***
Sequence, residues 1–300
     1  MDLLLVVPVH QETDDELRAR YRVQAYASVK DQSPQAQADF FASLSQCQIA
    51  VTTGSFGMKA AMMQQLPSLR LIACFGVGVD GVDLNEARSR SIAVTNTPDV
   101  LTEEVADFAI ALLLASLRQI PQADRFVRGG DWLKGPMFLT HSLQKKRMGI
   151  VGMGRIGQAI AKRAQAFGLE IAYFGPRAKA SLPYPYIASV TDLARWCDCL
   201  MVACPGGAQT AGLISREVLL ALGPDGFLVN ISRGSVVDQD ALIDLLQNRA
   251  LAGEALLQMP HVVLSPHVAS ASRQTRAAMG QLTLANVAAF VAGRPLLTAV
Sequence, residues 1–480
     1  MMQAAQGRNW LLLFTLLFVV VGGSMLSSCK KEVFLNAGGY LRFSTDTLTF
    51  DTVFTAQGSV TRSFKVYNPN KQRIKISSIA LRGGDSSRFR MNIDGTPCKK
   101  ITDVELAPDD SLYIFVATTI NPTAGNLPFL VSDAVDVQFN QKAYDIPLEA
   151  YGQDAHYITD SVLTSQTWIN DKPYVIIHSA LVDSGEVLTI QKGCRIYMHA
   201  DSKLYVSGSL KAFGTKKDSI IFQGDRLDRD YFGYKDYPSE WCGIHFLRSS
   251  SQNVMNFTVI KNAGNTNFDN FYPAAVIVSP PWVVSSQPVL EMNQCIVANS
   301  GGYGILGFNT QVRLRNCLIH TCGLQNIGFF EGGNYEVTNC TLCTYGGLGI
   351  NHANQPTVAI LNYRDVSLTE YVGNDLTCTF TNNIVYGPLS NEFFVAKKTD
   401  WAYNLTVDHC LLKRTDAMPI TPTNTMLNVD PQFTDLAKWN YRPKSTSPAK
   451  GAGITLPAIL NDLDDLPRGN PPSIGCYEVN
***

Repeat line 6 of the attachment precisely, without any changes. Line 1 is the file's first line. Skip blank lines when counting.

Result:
   201  MVACPGGAQT AGLISREVLL ALGPDGFLVN ISRGSVVDQD ALIDLLQNRA